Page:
How-To

Gardening Tips for Winter

Fine Gardening – Issue 203
Photo: courtesy of Stacey Paulbeck

Winning Tip: Starting seeds with little ones

We love starting seeds indoors, but with young children helping, we would end up with a muddy, overwatered mess. To prevent that from happening, we drill a quarter-inch hole into the cap of a plastic bottle to create a spill-proof watering can that slowly pours out just the right amount of water.

—Stacey Paulbeck, Pequot Lakes, Minnesota

Winter weeding

On those rare winter days when the ground is free of snow and I’m itching to be outside, I hoe out the persistent, creepy weeds from my flower beds. This prevents them from sprawling and developing seeds when temperatures rise, and it dresses up my beds for the spring blooms.

—Mary Crum, Holland, Pennsylvania

Where will your excess snow be piled?

If you live in a northern climate, you may be tempted to think about your landscape only as it appears in the beautiful warm months, but you have to be prepared for snow. This starts with your design plan, and it applies to both residential and commercial properties. Think ahead to where the snow will likely be placed when it is plowed and what might happen if a particular winter is worse than normal. When snow is pushed and piled onto trees and shrubs, it can damage or break limbs. If you use a snow removal service, make sure to discuss your expectations for snow placement before the start of the season.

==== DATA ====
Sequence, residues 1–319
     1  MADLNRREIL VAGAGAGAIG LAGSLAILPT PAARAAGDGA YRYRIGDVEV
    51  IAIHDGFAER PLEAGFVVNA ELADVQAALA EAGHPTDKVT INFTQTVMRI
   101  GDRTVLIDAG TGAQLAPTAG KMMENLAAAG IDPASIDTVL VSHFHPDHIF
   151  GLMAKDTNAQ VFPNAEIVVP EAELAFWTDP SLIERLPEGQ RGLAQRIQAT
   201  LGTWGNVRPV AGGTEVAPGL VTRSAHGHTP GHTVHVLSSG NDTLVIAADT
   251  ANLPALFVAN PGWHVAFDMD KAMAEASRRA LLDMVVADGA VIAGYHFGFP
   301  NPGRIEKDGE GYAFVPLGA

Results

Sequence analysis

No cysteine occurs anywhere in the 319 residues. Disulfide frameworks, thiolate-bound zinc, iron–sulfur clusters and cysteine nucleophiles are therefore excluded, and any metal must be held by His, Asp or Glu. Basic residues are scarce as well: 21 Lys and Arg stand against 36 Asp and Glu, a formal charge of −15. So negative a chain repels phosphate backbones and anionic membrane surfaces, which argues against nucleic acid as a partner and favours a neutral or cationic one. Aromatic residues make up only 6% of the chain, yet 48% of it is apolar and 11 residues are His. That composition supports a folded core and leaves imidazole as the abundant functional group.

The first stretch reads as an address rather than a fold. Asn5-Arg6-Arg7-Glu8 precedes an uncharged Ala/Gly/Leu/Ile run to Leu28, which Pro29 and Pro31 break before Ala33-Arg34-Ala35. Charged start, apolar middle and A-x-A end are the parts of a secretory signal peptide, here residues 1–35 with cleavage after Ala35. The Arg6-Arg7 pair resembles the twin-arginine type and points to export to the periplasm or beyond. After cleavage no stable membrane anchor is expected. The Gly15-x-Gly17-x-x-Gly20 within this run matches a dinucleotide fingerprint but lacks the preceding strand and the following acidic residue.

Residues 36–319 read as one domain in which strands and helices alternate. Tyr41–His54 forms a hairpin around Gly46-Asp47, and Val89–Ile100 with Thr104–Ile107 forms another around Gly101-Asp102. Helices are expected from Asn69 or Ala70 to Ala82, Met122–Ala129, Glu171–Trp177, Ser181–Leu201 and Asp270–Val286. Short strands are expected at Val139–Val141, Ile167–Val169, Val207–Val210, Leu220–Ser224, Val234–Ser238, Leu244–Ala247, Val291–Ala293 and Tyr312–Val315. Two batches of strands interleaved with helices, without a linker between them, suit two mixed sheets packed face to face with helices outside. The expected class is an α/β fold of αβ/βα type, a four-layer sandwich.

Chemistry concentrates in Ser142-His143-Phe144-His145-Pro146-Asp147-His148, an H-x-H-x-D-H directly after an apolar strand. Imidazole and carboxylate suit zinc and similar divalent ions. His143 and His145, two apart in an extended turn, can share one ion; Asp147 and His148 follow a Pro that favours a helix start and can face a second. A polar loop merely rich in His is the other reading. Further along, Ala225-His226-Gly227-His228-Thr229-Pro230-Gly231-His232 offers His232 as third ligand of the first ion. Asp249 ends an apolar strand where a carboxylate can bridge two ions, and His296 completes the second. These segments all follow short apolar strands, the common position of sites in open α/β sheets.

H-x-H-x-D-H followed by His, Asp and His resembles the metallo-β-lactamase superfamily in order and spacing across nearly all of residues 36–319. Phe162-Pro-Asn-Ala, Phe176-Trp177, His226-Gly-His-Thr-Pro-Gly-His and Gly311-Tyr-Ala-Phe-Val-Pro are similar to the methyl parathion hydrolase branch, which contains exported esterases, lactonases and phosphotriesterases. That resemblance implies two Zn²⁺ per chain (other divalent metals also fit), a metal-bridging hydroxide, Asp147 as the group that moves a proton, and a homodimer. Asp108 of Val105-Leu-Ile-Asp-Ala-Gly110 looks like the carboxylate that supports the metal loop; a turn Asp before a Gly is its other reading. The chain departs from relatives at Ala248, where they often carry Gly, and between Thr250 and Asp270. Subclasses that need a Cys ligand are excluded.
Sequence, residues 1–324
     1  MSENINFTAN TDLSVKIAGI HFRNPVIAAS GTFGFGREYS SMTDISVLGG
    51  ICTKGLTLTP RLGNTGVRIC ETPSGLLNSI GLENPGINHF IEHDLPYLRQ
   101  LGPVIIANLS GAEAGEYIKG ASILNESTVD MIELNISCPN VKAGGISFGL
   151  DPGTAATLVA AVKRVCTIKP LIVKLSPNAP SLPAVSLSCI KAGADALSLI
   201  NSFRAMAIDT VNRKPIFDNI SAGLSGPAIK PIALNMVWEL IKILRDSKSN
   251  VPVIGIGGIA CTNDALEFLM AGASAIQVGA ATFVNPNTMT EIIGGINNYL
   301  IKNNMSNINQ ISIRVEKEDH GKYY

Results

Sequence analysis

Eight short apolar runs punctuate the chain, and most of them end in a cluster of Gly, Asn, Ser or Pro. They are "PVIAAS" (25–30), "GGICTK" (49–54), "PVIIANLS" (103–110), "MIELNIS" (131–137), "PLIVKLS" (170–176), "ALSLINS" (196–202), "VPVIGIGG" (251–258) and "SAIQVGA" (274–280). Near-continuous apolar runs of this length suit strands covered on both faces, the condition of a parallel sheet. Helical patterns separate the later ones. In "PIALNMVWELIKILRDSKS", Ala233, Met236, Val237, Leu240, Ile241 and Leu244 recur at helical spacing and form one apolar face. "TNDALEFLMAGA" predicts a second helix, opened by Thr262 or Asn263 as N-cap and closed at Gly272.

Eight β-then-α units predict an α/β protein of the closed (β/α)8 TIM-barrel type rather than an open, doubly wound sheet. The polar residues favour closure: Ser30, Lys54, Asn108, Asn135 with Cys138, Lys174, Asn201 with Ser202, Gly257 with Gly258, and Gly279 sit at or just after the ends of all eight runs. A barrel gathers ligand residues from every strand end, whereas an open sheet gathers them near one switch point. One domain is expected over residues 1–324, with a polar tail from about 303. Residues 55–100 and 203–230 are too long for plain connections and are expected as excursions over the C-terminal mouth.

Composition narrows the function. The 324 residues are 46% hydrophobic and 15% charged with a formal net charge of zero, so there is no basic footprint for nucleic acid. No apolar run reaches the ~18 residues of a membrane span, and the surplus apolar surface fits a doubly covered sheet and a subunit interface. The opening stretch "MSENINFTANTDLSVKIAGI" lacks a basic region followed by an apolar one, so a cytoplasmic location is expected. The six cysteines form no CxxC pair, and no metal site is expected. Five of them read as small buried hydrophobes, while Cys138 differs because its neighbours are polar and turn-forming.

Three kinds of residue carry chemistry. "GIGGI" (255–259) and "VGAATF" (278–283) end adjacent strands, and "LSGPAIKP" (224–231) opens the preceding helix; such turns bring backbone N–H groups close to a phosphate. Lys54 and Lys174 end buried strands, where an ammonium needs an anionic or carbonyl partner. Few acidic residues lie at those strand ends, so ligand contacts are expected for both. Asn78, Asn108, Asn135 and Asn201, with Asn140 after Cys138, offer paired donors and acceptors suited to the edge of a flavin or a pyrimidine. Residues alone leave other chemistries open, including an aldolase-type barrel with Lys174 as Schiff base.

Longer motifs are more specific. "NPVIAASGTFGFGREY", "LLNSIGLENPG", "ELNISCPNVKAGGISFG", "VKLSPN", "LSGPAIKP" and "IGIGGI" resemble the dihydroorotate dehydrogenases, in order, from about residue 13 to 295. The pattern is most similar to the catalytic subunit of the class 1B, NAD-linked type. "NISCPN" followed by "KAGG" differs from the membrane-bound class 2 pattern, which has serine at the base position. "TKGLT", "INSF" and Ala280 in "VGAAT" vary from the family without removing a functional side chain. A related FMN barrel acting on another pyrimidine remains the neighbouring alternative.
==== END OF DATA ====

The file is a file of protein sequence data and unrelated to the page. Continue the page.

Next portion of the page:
—Beth Clark, Hudsonville, Michigan

Bungee cords as garden tools
Photo: courtesy of Anne Seeley

Bungee cords as garden tools

For many years, I have kept an assortment of inexpensive bungee cords in my car and garage, and they have come in handy numerous times. Lately, I’m finding myself using them in the garden more and more for temporary fasteners of all sorts: to guide a rambling rose branch, steady an errant sunflower, help tomato vines stay close to a trellis, tie up a large floppy grass for mulching or moving, and so on. I buy these cords in mixed sets from the sale bins at the hardware store.

—Anne Seeley, Quilcene, Washington

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